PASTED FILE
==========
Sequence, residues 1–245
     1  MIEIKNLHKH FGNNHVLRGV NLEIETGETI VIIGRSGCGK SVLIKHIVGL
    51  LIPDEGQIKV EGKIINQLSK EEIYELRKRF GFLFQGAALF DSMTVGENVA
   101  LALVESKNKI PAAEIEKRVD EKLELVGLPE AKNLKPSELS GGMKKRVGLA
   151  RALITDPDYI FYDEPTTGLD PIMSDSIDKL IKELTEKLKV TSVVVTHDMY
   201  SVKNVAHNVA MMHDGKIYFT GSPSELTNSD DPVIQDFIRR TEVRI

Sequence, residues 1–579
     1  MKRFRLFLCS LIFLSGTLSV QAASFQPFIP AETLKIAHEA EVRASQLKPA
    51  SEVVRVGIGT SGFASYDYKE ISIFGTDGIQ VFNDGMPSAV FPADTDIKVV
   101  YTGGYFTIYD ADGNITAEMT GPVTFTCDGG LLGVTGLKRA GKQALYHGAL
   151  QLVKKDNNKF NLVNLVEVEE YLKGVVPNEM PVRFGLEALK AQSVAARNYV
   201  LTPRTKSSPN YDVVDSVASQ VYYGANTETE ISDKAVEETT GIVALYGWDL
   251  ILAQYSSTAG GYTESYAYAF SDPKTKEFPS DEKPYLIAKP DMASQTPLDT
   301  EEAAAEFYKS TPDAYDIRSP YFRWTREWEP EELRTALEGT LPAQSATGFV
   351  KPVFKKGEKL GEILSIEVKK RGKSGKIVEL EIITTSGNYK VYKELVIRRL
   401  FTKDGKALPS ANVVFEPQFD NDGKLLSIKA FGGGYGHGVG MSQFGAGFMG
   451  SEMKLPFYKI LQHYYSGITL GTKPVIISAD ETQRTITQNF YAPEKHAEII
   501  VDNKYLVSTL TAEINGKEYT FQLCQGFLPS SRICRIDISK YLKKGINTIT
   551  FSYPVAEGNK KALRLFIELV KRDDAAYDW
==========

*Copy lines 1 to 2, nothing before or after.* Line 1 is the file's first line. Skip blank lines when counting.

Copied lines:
Sequence, residues 1–245
     1  MIEIKNLHKH FGNNHVLRGV NLEIETGETI VIIGRSGCGK SVLIKHIVGL